V.E. Mathew (Vadakethu Easaw Mathew) lived on Christmas Island between 1939-1971 and variously held the positions of:
- Wireless Operator
- Weather Man
- Trade Store Assistant / Manager
- Community leader
- Prisoner of War (POW)
The following is an excerpt taken from his autobiography. It focuses on the time he was on Christmas Island during the Japanese occupation. He was a man of faith and gained comfort during frightening times knowing that his God was with him. And, it was Mathew’s experience of air raids in Singapore that was to save his life on Christmas Island. He recognised the whistling sound of a dropping bomb and with seconds to spare, escaped with another man from the wireless station before it was obliterated by a direct hit. It was just prior to that shelling, as the wireless operator, that he sent his final message “Christmas Island under attack. Invasion by Japanese imminent”.
… After three days in Batavia Harbour, we sailed again bound for Christmas Island and arrived there on 15th February, the day Singapore surrendered to the Japanese. Since it was wartime, we took a zigzag route and so delayed our trip to Christmas Island. which took about seven days when normally would take three days. When Islander was being unloaded, it was torpedoed by a Japanese submarine an we received orders from Head Office to leave the Island immediately. As soon as the passengers – that means those who were not needed for essential services on the island – most of the Europeans and a few Asians, the last batch of evacuees were ready, the steamer sailed for Fremantle, Australia on 18th February.
I wanted to go to Australia but was told I was of essential service as radio operator and also I was in the Medical Auxiliary Service. After the Islander sailed for Australia with most of the company management staff, there was no work being done on the island. We all had nothing much to do. There was a Medical Auxiliary Unit formed on the island to give first aid in case of bombing under the guidance of the doctors on the island. We were ready for any eventuality.
The first air raid was on 19th February and three Chinese died because of the bombing and a few others were seriously injured. I was able to give first aid to one Chinese man named Ng Toh Kiet who had a very deep wound on his thigh with a splinter. He was later in the hospital and got well. He was able to walk about to do his work. After giving first aid to this man, I went round Malay Kampong and found the people were still hiding in the air raid shelters. When I told them that the planes had all gone, a few people were injured and needed medical treatment immediately. I also gave first aid to a few Malays also.
When I called them out only then did they come out of their shelters. The District Officer was very pleased with my service and gave me a letter of commendation. Though Singapore had fallen we still had to keep our wireless schedules. On March 1st while I was on duty in the wireless station, I heard the whistling sound of the bomb being dropped and I told the Sikh watchman at the station to run away for safety and I also just ran in time out of the station. God showed me a safe place to take shelter only a hundred feet or so behind the station under a projecting rock and the station had a direct hit by a high explosive bomb.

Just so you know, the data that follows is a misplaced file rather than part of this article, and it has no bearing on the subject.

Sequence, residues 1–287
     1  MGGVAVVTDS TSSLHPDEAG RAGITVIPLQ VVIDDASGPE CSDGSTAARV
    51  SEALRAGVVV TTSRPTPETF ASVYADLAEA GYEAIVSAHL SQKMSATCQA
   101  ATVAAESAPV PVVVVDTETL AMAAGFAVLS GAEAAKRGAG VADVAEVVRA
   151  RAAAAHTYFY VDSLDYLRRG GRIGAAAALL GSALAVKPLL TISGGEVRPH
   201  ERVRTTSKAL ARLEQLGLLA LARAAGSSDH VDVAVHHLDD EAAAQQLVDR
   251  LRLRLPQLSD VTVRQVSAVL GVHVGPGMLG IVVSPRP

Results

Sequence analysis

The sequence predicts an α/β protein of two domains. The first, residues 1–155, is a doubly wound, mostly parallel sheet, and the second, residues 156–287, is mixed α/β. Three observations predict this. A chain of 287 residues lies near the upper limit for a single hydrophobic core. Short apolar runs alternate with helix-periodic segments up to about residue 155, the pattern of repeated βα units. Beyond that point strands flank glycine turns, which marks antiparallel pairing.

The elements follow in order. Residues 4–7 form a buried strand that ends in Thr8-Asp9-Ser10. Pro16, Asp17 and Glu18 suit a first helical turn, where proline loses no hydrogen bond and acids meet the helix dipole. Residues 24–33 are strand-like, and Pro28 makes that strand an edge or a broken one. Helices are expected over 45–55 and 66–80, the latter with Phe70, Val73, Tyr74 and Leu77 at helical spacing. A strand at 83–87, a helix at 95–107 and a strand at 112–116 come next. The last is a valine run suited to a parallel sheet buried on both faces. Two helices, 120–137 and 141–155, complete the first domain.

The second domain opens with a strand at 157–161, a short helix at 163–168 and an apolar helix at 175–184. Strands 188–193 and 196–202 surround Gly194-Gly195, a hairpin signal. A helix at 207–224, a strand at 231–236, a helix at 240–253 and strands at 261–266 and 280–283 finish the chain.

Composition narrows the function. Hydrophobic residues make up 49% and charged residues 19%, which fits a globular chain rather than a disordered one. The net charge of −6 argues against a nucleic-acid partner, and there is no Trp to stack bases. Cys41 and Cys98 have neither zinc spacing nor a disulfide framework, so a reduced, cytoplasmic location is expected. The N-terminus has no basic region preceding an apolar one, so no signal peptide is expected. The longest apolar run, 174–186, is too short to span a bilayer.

The wireless station before the war
National Archives of Australia – NAA: R32, CIPC 7/21A
Nine other bombs were dropped at the same time in different places near the station. The crater formed because of the direct hit on the station was about ten feet deep. Where my chair was in the station. I had a bicycle leaned against the wall of the station and not a bit of it was seen after the bombing. The transmitter and other equipment in the station had gone flat. When my friends who were hiding in the hills nearby saw the dust and smoke from the station, they came running to the station thinking I was certainly dead. By that time I got up from my hiding place and I told them how my God had saved me wonderfully. After that I had nothing much to do because the wireless station was bombed and no other way of communication from the island. Everyone just waited for the Japanese to arrive. Then on March 11th there was a mutiny on the island. The small detachment of the British Army stationed on Christmas Island to guard the island – Five British officers and twenty-seven Punjabi Mohammedan soldiers. One night the soldiers shot and killed the officers and threw them in the sea. The next day in the morning, they came and told me to inform the Japanese about the mutiny and that they were ready to receive them. I told them there was no way of contacting the Japanese because the station was bombed and not a bit of the station could be seen anywhere.
Now there was no work on the island and people just waited for the better or worse to happen. So we, the six of us used to go to the hills and we picked up blue crabs, plucked coconuts and mangoes, guavas, chilli padi, etc. There were plenty of sweet papayas in the forest. There was even a cashew nut tree but no fruits at that time. We had to wait only about twenty days for the Japanese to arrive.
Then on 31st March Japanese started shelling the island and early morning on the 1st of April, they started to land about one thousand soldiers. They had huge barges in which they brought plenty of provisions and other cargo that they took from the Dutch godowns in Indonesia. Most of the people on the island ran to the nearby hills and hid there. My five friends and I went and waited at the piggery, which was about two kilometres from the wharf.